After bringing my Isis home, I looked at her carefully. She was fully ready - to be painted. I made her out of white clay, and I made a round stand for her, so she would be easier to balance (Tami's suggestion).
I chose the acrylic paint colors for her: orange for the dress, tan for the body (I mixed ochre with orange to get it), black for the hair, and blue and yellow for the wings. Originally, I wanted to make the wings black and gold - like they had it in the original statue - but then it occurred to me that her hair was already black, and black and orange together do not make a very pleasant combination. So, black was replaced with blue, and gold with yellow.
As I had more experience with painting than with sculpting - I took some art classes in my childhood - I felt more comfortable with this part. I saw my Isis changing from clay white to the tall, brightly dressed woman with raven black hair and dark blue wings - like the night sky with the stars. I liked the way she looked. Yet, I was very concerned about painting her eyes: one false move - and the black line would go across her face, and what if it gets ruined?
After several misses and repaints (I would wait for the paint to dry and then paint over my mistake with the tan color of the face) I finally found the right brush and the right consistency of paint. I tried to line on the newspaper and on my hand first. It looked perfect. Then, I went to the eyes.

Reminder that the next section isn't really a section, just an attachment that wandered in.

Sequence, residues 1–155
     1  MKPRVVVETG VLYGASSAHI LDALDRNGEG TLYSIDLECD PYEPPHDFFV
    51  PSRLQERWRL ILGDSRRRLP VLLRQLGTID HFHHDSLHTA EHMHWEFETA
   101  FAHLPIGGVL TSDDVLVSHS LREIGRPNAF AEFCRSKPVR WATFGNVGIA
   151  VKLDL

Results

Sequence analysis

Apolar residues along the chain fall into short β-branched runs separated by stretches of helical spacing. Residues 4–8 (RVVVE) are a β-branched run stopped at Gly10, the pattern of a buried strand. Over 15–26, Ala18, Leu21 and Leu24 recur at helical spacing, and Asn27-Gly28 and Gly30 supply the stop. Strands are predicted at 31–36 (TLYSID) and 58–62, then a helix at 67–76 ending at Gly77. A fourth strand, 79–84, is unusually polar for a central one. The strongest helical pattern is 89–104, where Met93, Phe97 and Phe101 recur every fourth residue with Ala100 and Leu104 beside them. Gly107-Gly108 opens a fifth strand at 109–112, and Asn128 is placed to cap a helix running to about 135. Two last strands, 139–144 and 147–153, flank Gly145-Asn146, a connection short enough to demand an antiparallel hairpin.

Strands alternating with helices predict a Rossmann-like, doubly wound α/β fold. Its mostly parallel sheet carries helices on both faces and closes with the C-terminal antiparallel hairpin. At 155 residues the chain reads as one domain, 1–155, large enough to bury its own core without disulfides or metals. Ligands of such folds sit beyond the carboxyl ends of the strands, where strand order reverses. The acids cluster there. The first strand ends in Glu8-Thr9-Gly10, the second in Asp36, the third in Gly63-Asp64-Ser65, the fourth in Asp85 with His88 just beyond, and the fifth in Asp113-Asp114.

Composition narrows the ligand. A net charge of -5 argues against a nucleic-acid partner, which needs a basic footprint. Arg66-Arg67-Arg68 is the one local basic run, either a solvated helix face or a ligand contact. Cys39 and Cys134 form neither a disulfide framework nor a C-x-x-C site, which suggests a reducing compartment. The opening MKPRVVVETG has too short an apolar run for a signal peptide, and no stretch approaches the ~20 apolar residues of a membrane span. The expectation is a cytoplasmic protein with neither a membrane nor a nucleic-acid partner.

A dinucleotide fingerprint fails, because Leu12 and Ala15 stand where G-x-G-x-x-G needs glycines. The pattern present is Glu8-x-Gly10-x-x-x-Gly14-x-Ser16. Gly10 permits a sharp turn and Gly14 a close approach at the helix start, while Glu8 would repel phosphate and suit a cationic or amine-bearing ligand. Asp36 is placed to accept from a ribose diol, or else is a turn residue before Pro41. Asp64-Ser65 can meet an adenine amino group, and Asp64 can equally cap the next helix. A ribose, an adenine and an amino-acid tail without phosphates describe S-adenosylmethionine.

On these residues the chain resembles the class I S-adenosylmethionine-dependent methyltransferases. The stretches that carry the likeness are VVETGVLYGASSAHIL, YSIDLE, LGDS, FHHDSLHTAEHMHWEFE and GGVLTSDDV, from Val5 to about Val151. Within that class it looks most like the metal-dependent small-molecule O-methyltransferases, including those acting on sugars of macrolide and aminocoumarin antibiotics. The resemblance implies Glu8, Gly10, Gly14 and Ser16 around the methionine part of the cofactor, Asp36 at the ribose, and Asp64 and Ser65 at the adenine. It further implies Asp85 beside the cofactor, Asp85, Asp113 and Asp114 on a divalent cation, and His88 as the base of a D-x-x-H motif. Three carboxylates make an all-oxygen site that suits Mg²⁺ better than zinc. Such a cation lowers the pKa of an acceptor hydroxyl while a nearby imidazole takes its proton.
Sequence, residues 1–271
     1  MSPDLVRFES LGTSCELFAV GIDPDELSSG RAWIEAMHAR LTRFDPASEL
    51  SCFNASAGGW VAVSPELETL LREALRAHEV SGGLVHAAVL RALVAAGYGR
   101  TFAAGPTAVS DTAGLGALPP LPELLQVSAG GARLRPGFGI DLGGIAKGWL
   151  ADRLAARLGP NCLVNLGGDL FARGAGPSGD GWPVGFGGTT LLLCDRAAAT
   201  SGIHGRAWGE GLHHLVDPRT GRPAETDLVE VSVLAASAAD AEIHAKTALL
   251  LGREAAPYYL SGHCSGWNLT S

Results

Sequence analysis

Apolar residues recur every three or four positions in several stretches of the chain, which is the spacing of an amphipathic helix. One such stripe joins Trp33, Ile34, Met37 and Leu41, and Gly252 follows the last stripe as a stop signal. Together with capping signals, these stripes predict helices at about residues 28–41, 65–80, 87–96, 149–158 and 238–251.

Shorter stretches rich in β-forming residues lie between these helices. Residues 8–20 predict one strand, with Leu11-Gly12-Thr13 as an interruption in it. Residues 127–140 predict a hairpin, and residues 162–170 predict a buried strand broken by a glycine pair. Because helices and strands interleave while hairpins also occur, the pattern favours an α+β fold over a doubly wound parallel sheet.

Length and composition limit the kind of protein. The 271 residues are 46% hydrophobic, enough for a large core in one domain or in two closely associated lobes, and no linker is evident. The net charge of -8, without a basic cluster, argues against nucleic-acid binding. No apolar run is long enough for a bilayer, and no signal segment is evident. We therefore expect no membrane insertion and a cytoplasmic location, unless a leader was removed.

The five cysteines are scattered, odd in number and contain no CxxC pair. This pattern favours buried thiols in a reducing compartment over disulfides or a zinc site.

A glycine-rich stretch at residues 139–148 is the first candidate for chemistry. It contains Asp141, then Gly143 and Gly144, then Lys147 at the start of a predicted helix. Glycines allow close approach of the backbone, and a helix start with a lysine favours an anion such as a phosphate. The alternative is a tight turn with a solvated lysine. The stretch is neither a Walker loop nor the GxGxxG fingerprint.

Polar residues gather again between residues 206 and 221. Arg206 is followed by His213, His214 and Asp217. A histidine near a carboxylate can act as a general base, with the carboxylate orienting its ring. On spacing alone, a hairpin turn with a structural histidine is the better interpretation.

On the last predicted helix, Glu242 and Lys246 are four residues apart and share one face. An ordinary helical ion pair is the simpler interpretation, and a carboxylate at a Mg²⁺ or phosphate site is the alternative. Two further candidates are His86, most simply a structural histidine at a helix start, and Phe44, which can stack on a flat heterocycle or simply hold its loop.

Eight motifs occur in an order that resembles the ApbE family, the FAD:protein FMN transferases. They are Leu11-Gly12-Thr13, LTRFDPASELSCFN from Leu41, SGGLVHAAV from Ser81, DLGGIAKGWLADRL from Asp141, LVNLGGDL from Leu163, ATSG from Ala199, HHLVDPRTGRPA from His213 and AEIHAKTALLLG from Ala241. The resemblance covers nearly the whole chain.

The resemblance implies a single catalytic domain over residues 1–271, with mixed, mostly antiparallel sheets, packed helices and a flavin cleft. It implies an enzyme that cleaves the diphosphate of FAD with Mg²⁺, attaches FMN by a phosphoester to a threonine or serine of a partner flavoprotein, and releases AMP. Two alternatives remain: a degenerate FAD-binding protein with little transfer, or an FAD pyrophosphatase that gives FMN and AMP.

I was holding the brush with my left hand - for some reason, sometimes I can do better with my left hand when it comes to more delicate work. I outlined the eyes with the black. Then, I took some blue paint and put two drops of it - one in each eye - for the color of the eyes.
After twelve hours of work, my Isis was complete. With her wings outstretched, she was walking on the waters of the Nile. What is she doing? Is she looking for her husband's body? Or is she trying to warn her son of his impending death, advising him against touching snakes?
Even now, her eyes look sad and her face looks stern and angry. I cannot blame her. I know how she feels. The main thing is - she is not indifferent.
My youngest daughter kept looking at Isis throughout the whole painting process. She kept saying to me: " Mommy, this is very good. This is not perfect, of course... But it's beautiful."